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Three secrets to avoid raising a praise junkie

From Positive Parenting Solutions founder and TODAYMoms contributor, Amy McCready “I’m so proud of you!” “You are such a good boy!” “You're so smart!” “You were awesome!” “You are such an amazing artist!” All parents have uttered statements like these to their children at one time or another. It’s good parenting, right? You’re showing your approval and it makes your c

From Positive Parenting Solutions founder and TODAYMoms contributor, Amy McCready “I’m so proud of you!” “You are such a good boy!” “You're so smart!” “You were awesome!” “You are such an amazing artist!” All parents have uttered statements like these to their children at one time or another. It’s good parenting, right? You’re showing your approval and it makes your child feel good. When they feel better about themselves, they’re more confident and they’ll grow up to be independent, successful adults… or so the thinking goes. Actually, while parents who praise their children have all the right intentions, the underlying result from the praise is a child who begins to need, crave and even depend on praise for their motivation, and the “praise junkie” habit is formed. The praise junkie is a person who needs consistent affirmation from others to feel confident in his or her own ability or choices. Younger praise junkies may seek approval from parents and teachers. “Do you like my painting, Daddy?” “Was that a good shot?” As kids get older, the praise junkie will turn to the peer group for approval, which is not what most parents hope for. Praise junkie kids eventually become high maintenance employees -– needing ongoing awards, “at-a-boys” and recognition to affirm that he or she is doing a good job. Fortune 500 companies grapple with how to motivate the praise-seeking employees. Ron Alsop, author of "The Trophy Kids Grow Up," says that “Millennials (born after 1980) seek loads of attention and guidance from employers. An annual or even semiannual evaluation isn't enough. They want to know how they're doing weekly, even daily.” What can parents do to avoid raising praise junkies?Shift the focus from external to internal motivation.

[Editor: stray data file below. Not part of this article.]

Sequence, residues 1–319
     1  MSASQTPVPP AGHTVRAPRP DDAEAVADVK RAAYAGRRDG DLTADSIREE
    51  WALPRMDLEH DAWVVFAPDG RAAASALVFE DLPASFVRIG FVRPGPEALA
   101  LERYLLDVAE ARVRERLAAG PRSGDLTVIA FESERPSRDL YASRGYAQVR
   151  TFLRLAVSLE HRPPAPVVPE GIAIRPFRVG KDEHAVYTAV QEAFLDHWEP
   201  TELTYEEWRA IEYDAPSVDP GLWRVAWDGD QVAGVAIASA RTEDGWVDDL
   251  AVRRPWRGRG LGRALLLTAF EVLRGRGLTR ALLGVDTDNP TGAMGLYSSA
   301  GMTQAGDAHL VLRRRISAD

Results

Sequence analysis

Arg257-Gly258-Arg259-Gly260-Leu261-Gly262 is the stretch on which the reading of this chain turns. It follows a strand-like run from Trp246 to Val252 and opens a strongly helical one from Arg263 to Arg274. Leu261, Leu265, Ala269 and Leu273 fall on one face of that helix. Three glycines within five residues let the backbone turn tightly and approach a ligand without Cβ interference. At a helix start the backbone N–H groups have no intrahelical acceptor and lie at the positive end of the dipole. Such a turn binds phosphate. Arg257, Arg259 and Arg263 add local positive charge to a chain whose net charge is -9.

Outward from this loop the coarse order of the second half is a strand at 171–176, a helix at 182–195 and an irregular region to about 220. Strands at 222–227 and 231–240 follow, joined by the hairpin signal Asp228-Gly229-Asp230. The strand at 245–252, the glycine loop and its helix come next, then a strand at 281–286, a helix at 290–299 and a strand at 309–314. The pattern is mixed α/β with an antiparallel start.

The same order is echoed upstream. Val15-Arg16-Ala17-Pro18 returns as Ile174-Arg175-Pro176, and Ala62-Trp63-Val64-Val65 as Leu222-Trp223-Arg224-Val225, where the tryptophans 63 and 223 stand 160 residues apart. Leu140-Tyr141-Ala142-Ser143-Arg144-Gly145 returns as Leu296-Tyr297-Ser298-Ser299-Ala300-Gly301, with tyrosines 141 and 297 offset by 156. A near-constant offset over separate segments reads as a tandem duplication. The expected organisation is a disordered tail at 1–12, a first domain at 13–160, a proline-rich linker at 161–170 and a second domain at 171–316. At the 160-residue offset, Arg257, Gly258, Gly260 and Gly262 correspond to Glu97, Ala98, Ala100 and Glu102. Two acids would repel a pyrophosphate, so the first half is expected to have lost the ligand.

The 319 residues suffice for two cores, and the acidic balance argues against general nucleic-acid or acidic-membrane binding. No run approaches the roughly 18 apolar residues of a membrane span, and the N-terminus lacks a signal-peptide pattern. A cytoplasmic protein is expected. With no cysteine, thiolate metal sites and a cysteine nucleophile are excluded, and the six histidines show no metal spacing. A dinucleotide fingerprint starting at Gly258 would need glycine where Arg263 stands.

When your child says,”Do you like it Mommy?” Respond with, “Well, it’s more important how YOU feel about it. What do YOU like about your painting?” Instead of letting “I’m so proud of you” roll off your tongue, instead say, “You must be so proud of YOURSELF!” It’s fine that they know you’re proud of them, but it’s more important that they be proud of themselves. We want to instill in them the internal pride and motivation to take on new challenges, to work hard and to make their own decisions even if it is counter to the pressure of the peer group. It may feel awkward at first when parents say, “You must be proud of yourself,” but you’ll notice your child beam with pride – from the inside! Focus onthe processversus the “end product.”

Pay less attention to the end product -– the 'A' on the science test, the goal she scored, the “amazing” painting -- and focus on the process it took to get that.

Avoid Labels – positive or negative. Amy McCready is the founder of Positive Parenting Solutions and mom to two boys, ages 12 and 14. Positive Parenting Solutions teaches parents of toddlers to teens how to correct misbehaviors permanently without nagging, reminding or yelling. For more information on praise versus encouragement and for free training resources, visit: www.PositiveParentingSolutions.com